She also provided the audience with a snapshot of Aldine ISD’s demographics. Enrollment has reached more than 58,000 students due to the fact the district took in approximately 1,800 evacuees from Hurricane Katrina. The district is 60 percent Hispanic, 32.2 percent African American, 4.8 percent White, 2.1 percent Asian and 0.1 percent Native American. She compared those numbers to statewide public school enrollment, which is 44.7 percent Hispanic, 14.2 percent African American, 37.7 percent White and 3 percent Asian.
Adding 1,800 new students has been a challenge, Kujawa said, but she said the district has been up to the task.
“We don’t look at those children as Katrina evacuees, but as Aldine students,” she said. “They are ours to teach, and to meet their emotional and physical needs.”
Kujawa also highlighted a number of achievements and recognitions the district earned during the 2004-05 school year. For the second consecutive year, AISD was one of five national finalists for the Broad Prize for Urban Education. The district also received the Texas Business and Education Coalition’s Distinguished Achievement Award (one of only two school districts in Texas to ever receive the award), and seven AISD schools were named to the Just For The Kids Honor Roll. Additionally, Aldine was the subject of a study conducted by the Harvard School of Business, and a study by Texas A&M University/UT-Pan American and UT-Dallas/Oakland University which found that Aldine ISD ranked second among large school districts in Texas for educating African American students and it ranked third among large school districts in Texas for educating Latino students.
She also provided an overview of the district’s approach to teaching, which includes establishing a belief system, setting high expectations, identifying skills, identifying strategies, assessing progress and monitoring and adjusting.
Kujawa then discussed the two accountability systems public schools in Texas must adhere to, the State of Texas’ accountability system – the Academic Excellence Indicator System (AEIS) – and the federal government’s No Child Left Behind Act (NCLB).
She explained the differences in the two systems and compared data of how Aldine ISD students fare with fellow students across the state. Aldine students perform at or above the state average in reading, writing and social studies. Kujawa admitted there is still work to be done in mathematics and science, but that the district is striving to make progress in those subject areas.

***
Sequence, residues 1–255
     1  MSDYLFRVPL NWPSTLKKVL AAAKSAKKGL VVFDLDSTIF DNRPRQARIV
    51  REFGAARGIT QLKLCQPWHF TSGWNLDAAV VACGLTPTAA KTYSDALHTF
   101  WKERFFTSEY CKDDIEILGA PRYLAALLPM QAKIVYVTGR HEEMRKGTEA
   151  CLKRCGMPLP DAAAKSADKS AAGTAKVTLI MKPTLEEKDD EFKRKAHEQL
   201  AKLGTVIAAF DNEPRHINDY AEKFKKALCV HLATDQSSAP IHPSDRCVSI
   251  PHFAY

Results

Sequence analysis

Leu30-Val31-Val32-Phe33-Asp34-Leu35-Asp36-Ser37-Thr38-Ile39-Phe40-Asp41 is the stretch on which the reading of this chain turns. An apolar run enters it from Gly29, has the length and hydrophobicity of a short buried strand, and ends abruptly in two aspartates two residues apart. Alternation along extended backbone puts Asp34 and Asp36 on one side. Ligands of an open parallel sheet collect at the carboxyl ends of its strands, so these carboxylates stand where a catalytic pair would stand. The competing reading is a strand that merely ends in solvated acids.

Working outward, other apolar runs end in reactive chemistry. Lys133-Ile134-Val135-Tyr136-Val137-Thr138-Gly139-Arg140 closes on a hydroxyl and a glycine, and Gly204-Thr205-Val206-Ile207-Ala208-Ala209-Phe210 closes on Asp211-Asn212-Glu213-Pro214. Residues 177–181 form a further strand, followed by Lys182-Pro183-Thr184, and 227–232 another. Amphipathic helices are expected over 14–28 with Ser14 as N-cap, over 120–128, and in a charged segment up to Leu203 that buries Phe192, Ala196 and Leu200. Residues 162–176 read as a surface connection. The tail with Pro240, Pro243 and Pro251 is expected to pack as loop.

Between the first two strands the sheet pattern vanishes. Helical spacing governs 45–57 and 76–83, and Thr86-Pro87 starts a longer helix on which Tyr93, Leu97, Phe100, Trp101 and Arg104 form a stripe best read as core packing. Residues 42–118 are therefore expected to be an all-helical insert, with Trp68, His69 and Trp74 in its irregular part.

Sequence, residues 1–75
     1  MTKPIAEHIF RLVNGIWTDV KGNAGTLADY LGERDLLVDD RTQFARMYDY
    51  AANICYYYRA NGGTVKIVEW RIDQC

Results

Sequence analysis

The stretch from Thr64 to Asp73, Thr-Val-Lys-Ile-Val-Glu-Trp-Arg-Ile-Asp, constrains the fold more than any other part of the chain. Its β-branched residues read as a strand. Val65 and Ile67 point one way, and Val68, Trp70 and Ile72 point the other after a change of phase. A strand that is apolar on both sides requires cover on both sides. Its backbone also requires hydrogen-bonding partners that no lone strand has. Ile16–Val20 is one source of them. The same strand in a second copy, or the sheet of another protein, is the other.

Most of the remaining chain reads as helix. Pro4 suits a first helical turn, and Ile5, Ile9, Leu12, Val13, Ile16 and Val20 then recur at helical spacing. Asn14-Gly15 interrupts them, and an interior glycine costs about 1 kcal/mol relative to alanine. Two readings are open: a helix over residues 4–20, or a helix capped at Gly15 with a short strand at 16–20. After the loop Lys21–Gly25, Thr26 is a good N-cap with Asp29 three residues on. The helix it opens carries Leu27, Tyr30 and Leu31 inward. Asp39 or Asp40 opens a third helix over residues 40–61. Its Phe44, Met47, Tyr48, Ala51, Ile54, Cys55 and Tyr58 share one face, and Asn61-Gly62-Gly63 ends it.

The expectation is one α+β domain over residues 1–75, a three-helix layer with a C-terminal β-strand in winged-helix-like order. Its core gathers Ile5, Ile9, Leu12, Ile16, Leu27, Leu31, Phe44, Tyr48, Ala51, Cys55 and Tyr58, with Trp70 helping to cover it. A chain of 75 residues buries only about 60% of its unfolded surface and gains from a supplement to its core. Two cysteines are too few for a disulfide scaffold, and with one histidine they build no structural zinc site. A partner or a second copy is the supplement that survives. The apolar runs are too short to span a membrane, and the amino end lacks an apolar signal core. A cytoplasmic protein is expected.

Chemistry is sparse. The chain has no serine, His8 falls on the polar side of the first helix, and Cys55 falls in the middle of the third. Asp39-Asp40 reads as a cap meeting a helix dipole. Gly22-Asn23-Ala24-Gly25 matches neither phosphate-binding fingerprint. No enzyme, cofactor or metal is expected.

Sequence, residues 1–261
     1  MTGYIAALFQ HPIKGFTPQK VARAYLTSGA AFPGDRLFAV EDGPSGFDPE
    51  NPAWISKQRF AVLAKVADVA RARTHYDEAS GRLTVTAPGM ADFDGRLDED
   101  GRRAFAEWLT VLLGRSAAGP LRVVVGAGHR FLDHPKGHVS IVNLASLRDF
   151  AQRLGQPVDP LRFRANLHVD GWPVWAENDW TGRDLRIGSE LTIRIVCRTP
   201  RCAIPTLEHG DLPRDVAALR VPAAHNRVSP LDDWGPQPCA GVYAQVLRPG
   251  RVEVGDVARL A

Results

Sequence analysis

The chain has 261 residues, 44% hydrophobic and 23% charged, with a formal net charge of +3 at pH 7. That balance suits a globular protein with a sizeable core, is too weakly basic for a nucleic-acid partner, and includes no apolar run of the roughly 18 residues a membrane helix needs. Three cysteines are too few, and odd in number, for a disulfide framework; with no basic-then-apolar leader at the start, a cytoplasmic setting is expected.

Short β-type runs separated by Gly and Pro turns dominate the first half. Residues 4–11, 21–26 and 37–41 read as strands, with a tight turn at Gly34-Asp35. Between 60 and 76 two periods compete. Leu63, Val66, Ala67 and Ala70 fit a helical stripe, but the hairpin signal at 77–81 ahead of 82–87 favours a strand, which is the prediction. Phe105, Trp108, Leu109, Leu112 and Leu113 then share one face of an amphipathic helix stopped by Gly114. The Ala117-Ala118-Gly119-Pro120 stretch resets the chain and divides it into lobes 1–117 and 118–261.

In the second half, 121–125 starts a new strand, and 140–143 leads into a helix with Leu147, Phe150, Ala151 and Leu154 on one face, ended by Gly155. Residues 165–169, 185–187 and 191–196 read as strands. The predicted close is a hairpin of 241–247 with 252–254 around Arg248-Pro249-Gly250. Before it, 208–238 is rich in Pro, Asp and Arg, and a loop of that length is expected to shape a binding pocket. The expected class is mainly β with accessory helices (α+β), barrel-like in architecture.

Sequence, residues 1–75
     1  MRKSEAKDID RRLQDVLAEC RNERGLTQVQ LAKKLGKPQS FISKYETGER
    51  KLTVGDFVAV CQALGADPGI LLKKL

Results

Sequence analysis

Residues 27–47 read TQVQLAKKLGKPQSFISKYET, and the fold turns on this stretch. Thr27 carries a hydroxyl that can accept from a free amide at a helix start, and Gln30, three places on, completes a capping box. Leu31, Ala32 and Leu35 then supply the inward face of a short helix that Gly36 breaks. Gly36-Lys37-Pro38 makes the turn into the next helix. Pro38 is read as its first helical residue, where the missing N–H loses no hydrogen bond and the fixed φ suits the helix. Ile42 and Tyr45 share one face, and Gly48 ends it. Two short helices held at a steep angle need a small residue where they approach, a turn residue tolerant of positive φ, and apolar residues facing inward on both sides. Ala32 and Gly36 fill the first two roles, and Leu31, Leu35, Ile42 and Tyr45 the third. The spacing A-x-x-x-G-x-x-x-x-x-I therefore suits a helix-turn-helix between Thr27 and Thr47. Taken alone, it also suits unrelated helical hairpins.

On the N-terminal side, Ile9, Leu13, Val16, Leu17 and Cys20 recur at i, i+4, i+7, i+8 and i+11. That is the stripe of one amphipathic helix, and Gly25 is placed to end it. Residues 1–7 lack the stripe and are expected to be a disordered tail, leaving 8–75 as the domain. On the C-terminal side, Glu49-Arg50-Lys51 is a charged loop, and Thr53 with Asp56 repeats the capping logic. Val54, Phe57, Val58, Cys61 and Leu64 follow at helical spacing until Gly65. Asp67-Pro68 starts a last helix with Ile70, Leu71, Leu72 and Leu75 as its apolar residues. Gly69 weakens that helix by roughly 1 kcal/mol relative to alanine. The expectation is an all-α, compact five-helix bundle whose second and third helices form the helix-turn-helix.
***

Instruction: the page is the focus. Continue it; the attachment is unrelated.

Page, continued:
Aldine received an “Acceptable” rating from the Texas Education Agency after earning a “Recognized” rating for seven consecutive years under the previous state accountability system. The goal is to return Aldine ISD to being a “Recognized” school district, Kujawa said.
“Our goal is to move back into the “Recognized” area and it’s going to take a lot of diligence on our part to reach that goal,” she said.
The superintendent also discussed school finance, a key component to providing a quality education for AISD students. She provided detailed information of how funds are allocated and where the money comes from (state, federal and local level) to fund education in Aldine.
She concluded her address by looking at the challenges Aldine will face in the future. Those challenges include funding, accountability and growth.
Kujawa noted that as students’ needs grow and the academic bar rises, funding becomes more and more critical. She said the state must come up with a funding plan that is adequate, equitable and has the capacity to be flexible.
She also touched on the growth the district is experiencing. She said the 1960 area and the north side of the district are seeing a lot of new construction, and that displaced families from Hurricane Katrina and Rita have also increased enrollment figures in the district.
“Growth is a good thing, but it is another challenge we must meet,” she said. “We have completed all of our construction projects from the 2000 bond issue, but if we continue to experience the level of growth we are currently seeing, we will have to look at new construction projects to meet the enrollment needs of our students.”

MacArthur student dies in house fire